Real Estate Investment Trust
Global investment company Blackstone and realty firm Embassy Group are set to launch India’s first real estate investment trust (REIT) with an estimated issue size of Rs 5,000 crore.
What is REIT?
REIT is an investment tool that owns and operates rent-yielding real estate assets. It allows individual investors to make investment in this platform and earn income. Real Estate Investment Trusts are funds that pool in money from multiple individuals and invests this into real estate, allowing individuals to be a part of the real estate growth without requiring massive amounts of capital. Real Estate Investment Trusts (REITs) are like mutual funds, but the main difference is that investments are made on properties like buildings and land instead of stocks and shares. SEBI had notified REIT’s regulations in 2014, allowing setting up and listing of such trusts, which are very popular in some advanced markets.
How does an REIT work?
REITs raise funds from a large number of investors and directly invest that sum in income-generating real estate properties (which could be offices, residential apartments, shopping centres, hotels and warehouses). The trusts are listed in stock exchanges so that investors can buy units in the trust.
REITs are structured as trusts. Thus, the assets of an REIT are held by an independent trustee on behalf of unit holders.
Real Estate Regulatory Authority (RERA)
- Register with RERA: Requirement for developers to now register projects with RERA prior to any advertisement and sale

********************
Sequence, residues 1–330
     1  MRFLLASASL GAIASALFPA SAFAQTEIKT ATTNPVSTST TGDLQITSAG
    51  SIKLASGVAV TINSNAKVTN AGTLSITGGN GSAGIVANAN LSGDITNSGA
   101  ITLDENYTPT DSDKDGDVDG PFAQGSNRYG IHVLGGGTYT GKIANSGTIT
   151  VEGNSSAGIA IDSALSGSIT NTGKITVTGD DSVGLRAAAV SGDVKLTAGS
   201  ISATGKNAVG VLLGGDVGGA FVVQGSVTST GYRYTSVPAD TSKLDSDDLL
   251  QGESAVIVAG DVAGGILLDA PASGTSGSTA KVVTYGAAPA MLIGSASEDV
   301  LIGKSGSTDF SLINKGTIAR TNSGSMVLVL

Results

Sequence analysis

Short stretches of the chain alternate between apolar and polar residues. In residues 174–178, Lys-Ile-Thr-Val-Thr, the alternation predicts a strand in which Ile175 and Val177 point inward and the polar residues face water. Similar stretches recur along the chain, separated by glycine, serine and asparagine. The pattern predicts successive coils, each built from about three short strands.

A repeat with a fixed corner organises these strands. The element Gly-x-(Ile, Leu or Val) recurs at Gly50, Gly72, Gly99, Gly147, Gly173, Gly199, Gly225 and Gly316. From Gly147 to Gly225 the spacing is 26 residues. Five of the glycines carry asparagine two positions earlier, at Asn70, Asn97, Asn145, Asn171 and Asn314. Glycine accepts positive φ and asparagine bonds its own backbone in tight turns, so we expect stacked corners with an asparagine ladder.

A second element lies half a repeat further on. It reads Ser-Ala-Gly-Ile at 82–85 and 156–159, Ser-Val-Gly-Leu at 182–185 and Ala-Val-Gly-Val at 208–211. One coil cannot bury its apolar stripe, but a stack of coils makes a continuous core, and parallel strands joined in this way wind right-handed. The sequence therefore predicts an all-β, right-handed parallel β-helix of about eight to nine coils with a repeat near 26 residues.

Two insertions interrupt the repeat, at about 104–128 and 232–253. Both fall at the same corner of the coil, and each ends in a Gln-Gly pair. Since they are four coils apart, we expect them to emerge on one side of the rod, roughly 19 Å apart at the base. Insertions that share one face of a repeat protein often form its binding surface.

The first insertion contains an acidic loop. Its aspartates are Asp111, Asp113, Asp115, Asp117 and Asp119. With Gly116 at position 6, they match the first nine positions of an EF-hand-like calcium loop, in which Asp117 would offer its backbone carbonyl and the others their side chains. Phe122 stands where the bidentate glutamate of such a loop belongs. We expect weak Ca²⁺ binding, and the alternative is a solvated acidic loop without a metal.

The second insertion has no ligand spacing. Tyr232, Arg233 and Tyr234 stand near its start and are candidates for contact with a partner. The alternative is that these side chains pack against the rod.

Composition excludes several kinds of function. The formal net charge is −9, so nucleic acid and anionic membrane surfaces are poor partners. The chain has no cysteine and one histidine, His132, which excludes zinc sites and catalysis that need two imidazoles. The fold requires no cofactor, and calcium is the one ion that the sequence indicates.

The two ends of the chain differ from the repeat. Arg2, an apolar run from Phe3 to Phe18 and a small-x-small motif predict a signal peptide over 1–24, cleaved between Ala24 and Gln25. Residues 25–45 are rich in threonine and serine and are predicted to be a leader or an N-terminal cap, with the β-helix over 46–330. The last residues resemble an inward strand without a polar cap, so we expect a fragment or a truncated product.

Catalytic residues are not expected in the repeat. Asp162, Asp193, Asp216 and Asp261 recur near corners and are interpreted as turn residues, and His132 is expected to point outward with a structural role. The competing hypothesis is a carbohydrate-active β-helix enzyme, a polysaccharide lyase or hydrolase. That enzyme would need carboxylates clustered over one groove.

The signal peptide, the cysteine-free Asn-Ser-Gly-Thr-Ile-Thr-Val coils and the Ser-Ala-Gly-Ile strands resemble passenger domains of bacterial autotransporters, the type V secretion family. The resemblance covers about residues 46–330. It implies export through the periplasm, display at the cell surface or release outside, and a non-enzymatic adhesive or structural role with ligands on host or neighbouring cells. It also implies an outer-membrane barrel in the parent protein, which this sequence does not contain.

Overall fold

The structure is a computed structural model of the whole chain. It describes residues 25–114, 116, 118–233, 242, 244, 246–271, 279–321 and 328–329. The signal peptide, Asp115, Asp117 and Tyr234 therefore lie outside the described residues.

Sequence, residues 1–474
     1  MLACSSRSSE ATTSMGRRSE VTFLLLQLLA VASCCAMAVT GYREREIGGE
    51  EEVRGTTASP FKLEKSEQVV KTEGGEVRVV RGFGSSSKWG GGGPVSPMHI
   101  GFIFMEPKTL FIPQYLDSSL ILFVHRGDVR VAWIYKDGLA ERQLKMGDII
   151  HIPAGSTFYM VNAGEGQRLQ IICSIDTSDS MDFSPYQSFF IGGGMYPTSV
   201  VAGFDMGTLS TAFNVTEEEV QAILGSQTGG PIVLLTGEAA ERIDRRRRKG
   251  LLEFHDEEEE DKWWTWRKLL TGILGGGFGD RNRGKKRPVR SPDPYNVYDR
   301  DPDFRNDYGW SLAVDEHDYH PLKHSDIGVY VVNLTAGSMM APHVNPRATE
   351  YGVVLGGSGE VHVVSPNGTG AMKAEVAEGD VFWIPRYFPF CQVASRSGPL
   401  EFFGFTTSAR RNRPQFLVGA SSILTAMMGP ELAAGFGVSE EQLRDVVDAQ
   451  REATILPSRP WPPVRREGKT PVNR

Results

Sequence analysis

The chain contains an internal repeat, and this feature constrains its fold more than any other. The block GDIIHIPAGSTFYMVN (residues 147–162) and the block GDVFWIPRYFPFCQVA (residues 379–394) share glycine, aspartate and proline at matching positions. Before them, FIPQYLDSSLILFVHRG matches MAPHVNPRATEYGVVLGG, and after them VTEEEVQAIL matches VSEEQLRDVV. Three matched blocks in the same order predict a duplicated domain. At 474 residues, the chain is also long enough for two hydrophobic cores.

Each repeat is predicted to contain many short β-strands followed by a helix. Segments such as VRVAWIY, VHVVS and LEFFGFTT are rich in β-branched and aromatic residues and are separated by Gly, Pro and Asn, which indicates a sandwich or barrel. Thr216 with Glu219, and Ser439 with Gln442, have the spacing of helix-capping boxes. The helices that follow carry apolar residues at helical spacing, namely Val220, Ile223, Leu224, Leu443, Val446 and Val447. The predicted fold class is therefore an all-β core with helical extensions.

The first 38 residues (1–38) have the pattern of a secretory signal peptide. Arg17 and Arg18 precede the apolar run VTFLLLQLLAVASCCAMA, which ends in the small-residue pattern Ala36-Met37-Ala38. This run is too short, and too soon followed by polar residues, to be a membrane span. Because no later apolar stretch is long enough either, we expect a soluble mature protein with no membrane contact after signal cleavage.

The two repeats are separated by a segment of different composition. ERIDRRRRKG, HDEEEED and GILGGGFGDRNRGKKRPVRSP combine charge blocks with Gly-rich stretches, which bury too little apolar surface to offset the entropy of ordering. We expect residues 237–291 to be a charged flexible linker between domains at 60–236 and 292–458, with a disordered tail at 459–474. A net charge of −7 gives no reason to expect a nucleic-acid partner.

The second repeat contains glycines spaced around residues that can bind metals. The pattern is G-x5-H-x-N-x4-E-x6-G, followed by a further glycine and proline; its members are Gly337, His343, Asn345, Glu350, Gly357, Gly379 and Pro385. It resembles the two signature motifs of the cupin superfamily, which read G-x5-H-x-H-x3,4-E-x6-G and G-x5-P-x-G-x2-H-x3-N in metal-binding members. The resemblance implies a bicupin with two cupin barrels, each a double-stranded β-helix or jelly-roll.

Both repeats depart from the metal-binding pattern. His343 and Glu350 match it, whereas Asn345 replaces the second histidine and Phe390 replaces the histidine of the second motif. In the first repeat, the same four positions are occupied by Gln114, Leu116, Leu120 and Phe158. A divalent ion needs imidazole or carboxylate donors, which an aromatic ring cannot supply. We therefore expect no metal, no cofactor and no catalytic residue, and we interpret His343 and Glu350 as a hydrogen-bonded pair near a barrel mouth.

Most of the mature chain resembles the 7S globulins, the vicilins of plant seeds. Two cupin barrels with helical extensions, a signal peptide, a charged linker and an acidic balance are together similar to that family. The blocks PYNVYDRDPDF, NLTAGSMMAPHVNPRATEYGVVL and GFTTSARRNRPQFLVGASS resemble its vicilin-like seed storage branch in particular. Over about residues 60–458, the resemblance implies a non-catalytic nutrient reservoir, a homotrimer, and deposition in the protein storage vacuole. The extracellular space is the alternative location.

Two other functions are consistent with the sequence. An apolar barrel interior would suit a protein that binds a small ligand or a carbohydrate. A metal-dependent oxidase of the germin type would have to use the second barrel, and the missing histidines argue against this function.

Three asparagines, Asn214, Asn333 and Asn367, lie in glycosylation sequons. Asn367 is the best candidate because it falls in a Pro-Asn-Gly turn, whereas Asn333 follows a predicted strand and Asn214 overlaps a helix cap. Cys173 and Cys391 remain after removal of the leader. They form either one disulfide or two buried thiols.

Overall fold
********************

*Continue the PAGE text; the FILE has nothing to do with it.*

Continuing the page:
- Approval and Sanctions: Developers are also expected to have all sanction plans approved and regulatory clearances in place prior to commencement of sale
- Updates on the Website: The Act stipulates an electronic system, maintained on the website of RERA, where developers are expected to update on a quarterly basis the status of their projects, and submit regular audits and architectural reports
- Action for non-compliance: If there is non-compliance, RERA has the power to order up to three years imprisonment of the promoters of a project
- Separate Escrow Accounts: It requires developers to maintain separate escrow accounts in relation to each project and deposit 70% of the collections in such an account to ensure that funds collected are utilised only for the specific project
- Agents & brokers to register: The Act also requires real estate brokers and agents to register themselves with the regulator